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Artists: Tamy Ben-Tor / Marnix de Nijs / Mark Formanek / Marzia Migliora / Julius Popp / Reynold Reynolds / Jens Risch / Michael Sailstorfer / Arcangelo Sassolino / Fiete Stolte

Still da Secret Life, 2008
Video proiezione a 2 canali
5’ ciascuno
Courtesy l’artista

Secret Life, 2008
Exhibition view at Centro di Cultura Contemporanea Strozzina, Firenze
Photo: Valentina Muscedra

The whole work is based on the interplay between different time levels: those of nature, man and technology-the latter Reynolds perceives as a tool to explore reality and grasp its mechanisms, which the human eye alone cannot see. The space of the apartment becomes a separate reality governed by a time system that unites the time of nature with that of man. The vital growth of nature, its decay and human life are all placed on the same level, creating a convergence that leads to existential estrangement. Reynolds' female figure engages in everyday activities such as eating, sleeping and brushing one's hair, while moving between two poles-life and death-symbolized by the cyclical quality of nature. Reynolds' images appear to draw upon 17th-century still lives, with their depictions of flowers and fruits as symbolic allusions to the transience of life. The mix of sounds accompanying the images is produced through the superimposition of different ticking clocks, isolated noises and ringing bells. All this serves to emphasize the passing of time, which creates a narrative half way between hyper-realism and dream.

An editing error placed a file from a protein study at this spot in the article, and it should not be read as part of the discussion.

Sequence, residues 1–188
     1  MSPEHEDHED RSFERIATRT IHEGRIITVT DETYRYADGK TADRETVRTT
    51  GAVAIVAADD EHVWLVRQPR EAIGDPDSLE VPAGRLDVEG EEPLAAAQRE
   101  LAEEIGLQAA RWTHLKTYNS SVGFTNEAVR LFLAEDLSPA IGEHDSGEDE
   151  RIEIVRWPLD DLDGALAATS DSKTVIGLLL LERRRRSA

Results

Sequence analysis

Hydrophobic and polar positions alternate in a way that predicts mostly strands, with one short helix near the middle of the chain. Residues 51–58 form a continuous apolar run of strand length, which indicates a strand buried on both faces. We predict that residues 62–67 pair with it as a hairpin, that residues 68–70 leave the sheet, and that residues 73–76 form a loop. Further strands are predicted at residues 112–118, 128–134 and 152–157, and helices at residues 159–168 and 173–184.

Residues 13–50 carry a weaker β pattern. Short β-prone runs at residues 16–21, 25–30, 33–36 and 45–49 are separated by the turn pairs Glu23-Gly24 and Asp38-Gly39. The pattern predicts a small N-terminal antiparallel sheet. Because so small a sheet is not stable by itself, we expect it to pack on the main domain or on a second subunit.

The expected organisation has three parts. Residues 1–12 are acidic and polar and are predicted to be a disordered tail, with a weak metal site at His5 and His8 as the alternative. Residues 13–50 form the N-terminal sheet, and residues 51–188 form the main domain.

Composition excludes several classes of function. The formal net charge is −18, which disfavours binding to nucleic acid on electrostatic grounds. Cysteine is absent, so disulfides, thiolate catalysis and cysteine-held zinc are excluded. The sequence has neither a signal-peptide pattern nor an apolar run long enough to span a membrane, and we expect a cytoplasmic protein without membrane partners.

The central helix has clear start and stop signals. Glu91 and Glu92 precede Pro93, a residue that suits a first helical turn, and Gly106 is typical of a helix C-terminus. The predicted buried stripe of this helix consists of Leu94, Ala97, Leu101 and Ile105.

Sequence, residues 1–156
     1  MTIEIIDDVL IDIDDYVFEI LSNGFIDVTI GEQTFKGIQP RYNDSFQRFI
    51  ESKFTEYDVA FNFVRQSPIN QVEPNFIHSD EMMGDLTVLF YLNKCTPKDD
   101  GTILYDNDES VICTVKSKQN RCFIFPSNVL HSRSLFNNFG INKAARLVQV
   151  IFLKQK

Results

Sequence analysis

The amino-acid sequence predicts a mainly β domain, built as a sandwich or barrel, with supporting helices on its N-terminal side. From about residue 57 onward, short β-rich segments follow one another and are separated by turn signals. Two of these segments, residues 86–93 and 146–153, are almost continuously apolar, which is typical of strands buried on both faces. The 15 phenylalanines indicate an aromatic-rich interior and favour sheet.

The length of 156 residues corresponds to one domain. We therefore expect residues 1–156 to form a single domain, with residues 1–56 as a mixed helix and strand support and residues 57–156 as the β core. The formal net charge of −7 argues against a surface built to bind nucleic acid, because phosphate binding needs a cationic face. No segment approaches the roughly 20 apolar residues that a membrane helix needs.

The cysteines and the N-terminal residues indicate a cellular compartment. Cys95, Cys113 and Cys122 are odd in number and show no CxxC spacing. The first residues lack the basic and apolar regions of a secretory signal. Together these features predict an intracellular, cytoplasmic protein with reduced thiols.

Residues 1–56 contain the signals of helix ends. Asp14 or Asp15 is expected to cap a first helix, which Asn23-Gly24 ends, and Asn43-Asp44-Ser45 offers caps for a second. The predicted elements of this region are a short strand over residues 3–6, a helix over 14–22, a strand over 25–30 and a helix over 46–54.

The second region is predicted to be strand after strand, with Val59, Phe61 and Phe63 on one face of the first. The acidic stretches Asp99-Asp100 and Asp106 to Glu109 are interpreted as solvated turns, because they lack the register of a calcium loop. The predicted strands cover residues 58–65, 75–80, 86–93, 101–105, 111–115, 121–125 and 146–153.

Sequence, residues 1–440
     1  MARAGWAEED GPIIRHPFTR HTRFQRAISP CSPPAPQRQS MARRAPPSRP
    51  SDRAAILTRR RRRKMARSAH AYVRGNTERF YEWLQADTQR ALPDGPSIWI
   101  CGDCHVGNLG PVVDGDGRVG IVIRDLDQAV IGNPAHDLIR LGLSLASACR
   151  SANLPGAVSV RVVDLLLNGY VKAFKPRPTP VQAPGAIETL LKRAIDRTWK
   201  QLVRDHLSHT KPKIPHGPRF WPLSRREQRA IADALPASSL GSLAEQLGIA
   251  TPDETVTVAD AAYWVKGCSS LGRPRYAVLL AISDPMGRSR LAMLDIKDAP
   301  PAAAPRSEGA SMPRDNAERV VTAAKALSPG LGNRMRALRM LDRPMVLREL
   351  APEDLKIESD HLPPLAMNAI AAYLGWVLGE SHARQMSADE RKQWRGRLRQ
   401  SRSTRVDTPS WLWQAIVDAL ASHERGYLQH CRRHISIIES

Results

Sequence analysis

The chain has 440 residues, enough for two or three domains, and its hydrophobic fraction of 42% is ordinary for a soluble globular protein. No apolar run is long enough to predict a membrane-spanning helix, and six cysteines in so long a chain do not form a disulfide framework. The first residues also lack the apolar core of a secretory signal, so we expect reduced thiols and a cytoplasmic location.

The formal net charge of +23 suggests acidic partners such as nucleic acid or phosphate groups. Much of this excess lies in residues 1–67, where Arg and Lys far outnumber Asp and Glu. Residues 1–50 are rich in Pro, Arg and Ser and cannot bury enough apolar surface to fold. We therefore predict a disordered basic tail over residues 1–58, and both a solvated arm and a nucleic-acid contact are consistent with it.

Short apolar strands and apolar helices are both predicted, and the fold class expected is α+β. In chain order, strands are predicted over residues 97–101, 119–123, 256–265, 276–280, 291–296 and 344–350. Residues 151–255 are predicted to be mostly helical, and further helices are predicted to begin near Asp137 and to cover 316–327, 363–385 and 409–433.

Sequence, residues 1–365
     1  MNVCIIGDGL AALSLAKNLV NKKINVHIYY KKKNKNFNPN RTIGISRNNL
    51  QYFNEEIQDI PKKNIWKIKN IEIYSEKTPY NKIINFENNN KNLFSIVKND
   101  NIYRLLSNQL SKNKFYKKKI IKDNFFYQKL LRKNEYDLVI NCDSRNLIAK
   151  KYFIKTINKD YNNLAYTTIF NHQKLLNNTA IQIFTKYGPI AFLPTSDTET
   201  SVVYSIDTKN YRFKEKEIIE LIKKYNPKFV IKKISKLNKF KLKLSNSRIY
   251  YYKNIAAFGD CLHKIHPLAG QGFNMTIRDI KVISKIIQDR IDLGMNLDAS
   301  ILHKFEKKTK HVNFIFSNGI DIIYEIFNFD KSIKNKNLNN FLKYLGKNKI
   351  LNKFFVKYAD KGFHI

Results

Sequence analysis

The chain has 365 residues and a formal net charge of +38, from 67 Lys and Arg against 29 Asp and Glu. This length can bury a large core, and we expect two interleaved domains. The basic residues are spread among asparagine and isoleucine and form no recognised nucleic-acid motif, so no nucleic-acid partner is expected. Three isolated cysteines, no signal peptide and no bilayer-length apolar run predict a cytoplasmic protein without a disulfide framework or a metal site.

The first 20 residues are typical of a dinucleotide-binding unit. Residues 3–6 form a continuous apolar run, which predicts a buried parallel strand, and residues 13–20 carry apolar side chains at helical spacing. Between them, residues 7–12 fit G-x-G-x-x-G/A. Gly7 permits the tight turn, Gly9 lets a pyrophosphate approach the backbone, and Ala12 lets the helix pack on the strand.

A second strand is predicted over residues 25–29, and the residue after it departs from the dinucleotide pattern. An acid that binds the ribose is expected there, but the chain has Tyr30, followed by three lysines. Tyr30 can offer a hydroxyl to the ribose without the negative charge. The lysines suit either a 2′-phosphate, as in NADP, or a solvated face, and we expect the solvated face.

Reynold Reynolds (USA, 1966)

In his works, Reynold Reynolds creates surreal scenes that strike viewers for the social isolation of the characters depicted and for the loss of the ordinary parameters of existence. A primary role is always assigned to external uncontrollable forces such as fi re, water or-as in the case of Secret Life-wild vegetation. Through complex work planned in the utmost detail, in his studio Reynolds directly creates sets in which he experiments with different filming techniques to develop new approaches to space and time. Secret Life is a video installation on two channels, comprising two short films-each five minutes long-projected on the two sides of a screen suspended in space, forcing viewers to move without ever managing to get a simultaneous glimpse of the two sequences of images. For one of the two films, the time-lapse filming technique was used. The camera was fixed upon a circular track suspended and moving above the set at regular intervals, recording one image per stop. When projected at a normal speed, the film appears to go faster, showing the otherwise imperceptible growth of plants that take over the space filmed. In this same place a female figure moves apparently in tune with the vegetation. An analogy can be found between the circular movement of the camera above the set and the growth of the branches which extend upwards across the space. The second fi lm is set in the same apartment, and filmed using the rewind technique. This time the camera is kept on the same level as the woman's eyes, who now engages in wilder and almost animal-like behaviour: she tears out the flesh of a melon and rolls around almost naked amid heaps of rotting fruit in a sequence that unfolds backwards.

Palazzo Strozzi